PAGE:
Miss Hazel and the Rosa Parks League is a revised version of your debut novel, The View from Delphi, published ten years ago. Why did you decide to revise the novel?
The View from Delphi was released in 2004 by Macadam/Cage, a highly respected but small West Coast publisher (most well-known for publishing The Time Traveler’s Wife), to positive reviews but limited distribution. The publisher was falling on hard times; indeed, they later went bankrupt and folded. After the success of my second novel, The Healing (Nan A. Talese/Doubleday), Maiden Lane Press was convinced that my debut deserved to reach a larger audience, in a revised edition. I enthusiastically agreed to the project. Do overs may be common in kids’ games, but they are extremely rare in the world of publishing.

What are the differences between the two works?

The new title and cover better reflect the promise of the book, i.e., a 1950’s small-town Southern setting, an intimate feeling of family and friendship, a twining of black and white storylines, and an irreverent strain of humor.

Miss Haze
l is a hundred pages leaner than Delphi and has been restructured so that the narrative flows more logically. There is less backstory and “side” story. The goal of this version was to tighten, intensify, and deepen the relationship between Hazel and Vida. I believe the result is a much richer read.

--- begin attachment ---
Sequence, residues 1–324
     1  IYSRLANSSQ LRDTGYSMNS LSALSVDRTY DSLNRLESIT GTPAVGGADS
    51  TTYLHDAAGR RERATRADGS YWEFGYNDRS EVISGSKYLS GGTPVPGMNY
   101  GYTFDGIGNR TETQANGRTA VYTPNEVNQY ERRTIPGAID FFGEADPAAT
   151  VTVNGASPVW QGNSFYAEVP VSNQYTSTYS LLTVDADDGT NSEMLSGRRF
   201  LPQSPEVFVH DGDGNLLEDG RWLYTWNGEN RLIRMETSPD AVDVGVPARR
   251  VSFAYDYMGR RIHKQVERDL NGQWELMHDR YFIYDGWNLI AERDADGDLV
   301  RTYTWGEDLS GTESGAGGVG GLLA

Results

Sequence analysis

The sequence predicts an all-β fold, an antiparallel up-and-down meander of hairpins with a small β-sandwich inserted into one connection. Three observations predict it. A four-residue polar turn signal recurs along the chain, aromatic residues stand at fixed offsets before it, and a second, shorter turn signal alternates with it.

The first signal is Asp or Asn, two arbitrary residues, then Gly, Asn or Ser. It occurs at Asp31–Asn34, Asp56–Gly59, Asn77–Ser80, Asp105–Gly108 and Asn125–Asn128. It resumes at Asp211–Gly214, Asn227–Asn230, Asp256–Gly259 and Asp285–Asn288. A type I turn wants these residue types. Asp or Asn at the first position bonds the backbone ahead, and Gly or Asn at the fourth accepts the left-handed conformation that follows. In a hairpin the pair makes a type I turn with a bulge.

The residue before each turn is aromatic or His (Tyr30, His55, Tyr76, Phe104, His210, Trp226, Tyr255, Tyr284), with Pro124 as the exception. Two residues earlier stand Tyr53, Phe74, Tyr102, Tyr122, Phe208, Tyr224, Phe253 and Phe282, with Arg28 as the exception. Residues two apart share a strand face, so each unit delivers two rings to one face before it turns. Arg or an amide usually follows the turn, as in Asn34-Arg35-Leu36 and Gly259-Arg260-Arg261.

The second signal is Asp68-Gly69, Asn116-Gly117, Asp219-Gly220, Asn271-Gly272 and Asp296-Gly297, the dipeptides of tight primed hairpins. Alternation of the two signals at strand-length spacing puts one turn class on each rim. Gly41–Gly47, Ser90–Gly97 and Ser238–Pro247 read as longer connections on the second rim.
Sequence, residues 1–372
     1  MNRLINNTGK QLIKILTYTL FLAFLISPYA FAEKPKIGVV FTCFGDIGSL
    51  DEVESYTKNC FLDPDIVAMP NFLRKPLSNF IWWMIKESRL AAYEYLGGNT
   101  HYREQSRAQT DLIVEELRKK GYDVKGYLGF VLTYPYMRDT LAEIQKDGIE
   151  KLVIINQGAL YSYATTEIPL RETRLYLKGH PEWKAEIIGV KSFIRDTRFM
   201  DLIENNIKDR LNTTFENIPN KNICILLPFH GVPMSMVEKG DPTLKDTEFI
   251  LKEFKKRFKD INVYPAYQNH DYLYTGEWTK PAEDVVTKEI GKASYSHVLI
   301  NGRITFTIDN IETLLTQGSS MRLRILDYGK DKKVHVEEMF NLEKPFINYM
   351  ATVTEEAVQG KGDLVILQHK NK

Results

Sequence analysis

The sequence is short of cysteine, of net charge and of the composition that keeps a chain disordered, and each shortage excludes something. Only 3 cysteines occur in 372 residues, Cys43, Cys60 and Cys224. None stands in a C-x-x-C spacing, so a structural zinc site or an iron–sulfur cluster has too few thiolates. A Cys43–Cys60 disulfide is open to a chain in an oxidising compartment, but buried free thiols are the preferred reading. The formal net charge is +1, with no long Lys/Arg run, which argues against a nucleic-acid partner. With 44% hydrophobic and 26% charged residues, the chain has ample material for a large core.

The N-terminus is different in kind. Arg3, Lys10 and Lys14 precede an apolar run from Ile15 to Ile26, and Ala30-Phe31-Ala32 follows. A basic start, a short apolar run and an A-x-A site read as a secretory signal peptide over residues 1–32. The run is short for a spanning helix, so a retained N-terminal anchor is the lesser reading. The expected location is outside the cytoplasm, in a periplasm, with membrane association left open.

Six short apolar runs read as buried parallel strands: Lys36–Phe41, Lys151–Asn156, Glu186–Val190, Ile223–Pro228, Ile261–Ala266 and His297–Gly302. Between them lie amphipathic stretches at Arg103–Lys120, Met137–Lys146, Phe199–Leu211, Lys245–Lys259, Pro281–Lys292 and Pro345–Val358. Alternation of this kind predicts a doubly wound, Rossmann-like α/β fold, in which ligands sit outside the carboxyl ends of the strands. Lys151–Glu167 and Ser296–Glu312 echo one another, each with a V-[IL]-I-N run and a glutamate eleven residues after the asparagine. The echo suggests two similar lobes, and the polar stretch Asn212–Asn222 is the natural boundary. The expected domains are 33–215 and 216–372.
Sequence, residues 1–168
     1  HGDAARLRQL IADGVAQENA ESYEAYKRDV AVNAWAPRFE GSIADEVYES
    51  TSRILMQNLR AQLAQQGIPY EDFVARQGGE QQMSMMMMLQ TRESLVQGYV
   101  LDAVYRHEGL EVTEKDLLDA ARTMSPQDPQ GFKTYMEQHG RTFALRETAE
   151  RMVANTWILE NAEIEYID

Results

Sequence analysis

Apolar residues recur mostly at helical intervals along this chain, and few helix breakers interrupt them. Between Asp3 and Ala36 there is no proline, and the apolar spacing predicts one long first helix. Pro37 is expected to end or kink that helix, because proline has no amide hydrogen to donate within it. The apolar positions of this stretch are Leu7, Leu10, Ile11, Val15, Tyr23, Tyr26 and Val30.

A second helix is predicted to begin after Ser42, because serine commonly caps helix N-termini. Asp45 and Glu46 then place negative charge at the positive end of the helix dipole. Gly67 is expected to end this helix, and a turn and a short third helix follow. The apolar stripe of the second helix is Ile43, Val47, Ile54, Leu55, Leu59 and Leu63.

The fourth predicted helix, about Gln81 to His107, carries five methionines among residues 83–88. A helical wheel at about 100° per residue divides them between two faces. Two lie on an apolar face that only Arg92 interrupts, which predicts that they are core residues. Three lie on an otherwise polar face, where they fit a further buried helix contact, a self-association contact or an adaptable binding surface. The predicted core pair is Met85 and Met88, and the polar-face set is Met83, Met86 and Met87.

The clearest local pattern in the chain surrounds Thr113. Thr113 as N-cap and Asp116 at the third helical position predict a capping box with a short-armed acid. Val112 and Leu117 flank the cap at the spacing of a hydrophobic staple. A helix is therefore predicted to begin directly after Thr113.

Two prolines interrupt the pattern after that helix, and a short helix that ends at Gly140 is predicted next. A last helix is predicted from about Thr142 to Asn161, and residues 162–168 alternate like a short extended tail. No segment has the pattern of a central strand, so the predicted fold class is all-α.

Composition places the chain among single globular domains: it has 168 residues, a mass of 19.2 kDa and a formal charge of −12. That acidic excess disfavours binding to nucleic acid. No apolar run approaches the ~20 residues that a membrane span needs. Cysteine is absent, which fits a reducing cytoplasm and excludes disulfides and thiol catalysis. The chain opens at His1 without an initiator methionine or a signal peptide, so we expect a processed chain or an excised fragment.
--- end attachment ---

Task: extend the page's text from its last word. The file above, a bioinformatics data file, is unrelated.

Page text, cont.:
There have been comparisons of your book to The Help, yet Miss Hazel and the Rosa Parks League is quite different in many regards—not to mention that your book was originally published years before The Help. How do you feel about the comparison?

I believe I may be the only person in American who has not read The Help nor seen the movie. I hear both are quite entertaining and have stimulated a lot of needed conversation about race. But because I began writing (and reading fiction!) late in life, I mostly spend my time searching for books that inform what I am presently writing. When I finished writing the final draft of Delphi in 2001—having done research for it since 1988—I felt I was pretty much done with that era and topic and I moved on to the subject of healing during slavery times. Now I’m learning about Southern Pentecostal preachers, snake handlers, and gay life at the turn of the century Mississippi.

But what I gather the two books have in common is that both take place in the Mississippi, maids are involved, and each is written by a white author. So beyond than, I can’t personally comment.

Why does race appear so prominently in all your work?

It’s what I want most to understand. Frankly, I think the advice “write what you know” isn’t very helpful. What I know is boring—because I already know it. It doesn’t challenge me to get out of my habitual way of seeing the world. But the things I don’t know, and have the opportunity to discover, are what get me out of bed in the morning. For me to keep my enthusiasm and creative energy focused for the five or so years that it takes to write a novel, I find it essential to be writing about what I am drawn to know, what fascinates me, what consumes me, what expands me.